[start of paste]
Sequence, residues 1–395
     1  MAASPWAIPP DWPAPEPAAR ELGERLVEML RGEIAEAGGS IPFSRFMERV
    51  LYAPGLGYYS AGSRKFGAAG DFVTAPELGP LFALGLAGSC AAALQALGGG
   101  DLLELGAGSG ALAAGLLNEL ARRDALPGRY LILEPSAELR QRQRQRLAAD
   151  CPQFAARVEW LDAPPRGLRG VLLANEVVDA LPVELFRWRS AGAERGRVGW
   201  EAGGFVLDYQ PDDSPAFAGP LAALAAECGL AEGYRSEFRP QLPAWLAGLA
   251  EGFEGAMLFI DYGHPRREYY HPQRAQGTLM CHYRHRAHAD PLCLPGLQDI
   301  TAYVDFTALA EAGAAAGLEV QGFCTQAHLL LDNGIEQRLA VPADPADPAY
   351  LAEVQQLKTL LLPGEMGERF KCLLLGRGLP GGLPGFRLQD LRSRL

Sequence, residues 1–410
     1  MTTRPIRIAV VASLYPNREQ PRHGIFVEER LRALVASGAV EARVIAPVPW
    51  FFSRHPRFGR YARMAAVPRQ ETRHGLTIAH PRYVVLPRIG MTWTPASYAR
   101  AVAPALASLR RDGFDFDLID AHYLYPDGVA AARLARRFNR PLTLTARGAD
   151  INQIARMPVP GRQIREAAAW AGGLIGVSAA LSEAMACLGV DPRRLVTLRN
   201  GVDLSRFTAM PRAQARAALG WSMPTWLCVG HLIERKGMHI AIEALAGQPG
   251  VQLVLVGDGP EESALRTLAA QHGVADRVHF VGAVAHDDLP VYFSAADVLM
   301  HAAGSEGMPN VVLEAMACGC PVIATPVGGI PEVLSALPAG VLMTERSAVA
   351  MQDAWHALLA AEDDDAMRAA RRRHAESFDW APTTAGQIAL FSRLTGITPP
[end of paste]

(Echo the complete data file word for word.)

Sequence, residues 1–395
     1  MAASPWAIPP DWPAPEPAAR ELGERLVEML RGEIAEAGGS IPFSRFMERV
    51  LYAPGLGYYS AGSRKFGAAG DFVTAPELGP LFALGLAGSC AAALQALGGG
   101  DLLELGAGSG ALAAGLLNEL ARRDALPGRY LILEPSAELR QRQRQRLAAD
   151  CPQFAARVEW LDAPPRGLRG VLLANEVVDA LPVELFRWRS AGAERGRVGW
   201  EAGGFVLDYQ PDDSPAFAGP LAALAAECGL AEGYRSEFRP QLPAWLAGLA
   251  EGFEGAMLFI DYGHPRREYY HPQRAQGTLM CHYRHRAHAD PLCLPGLQDI
   301  TAYVDFTALA EAGAAAGLEV QGFCTQAHLL LDNGIEQRLA VPADPADPAY
   351  LAEVQQLKTL LLPGEMGERF KCLLLGRGLP GGLPGFRLQD LRSRL

Sequence, residues 1–410
     1  MTTRPIRIAV VASLYPNREQ PRHGIFVEER LRALVASGAV EARVIAPVPW
    51  FFSRHPRFGR YARMAAVPRQ ETRHGLTIAH PRYVVLPRIG MTWTPASYAR
   101  AVAPALASLR RDGFDFDLID AHYLYPDGVA AARLARRFNR PLTLTARGAD
   151  INQIARMPVP GRQIREAAAW AGGLIGVSAA LSEAMACLGV DPRRLVTLRN
   201  GVDLSRFTAM PRAQARAALG WSMPTWLCVG HLIERKGMHI AIEALAGQPG
   251  VQLVLVGDGP EESALRTLAA QHGVADRVHF VGAVAHDDLP VYFSAADVLM
   301  HAAGSEGMPN VVLEAMACGC PVIATPVGGI PEVLSALPAG VLMTERSAVA
   351  MQDAWHALLA AEDDDAMRAA RRRHAESFDW APTTAGQIAL FSRLTGITPP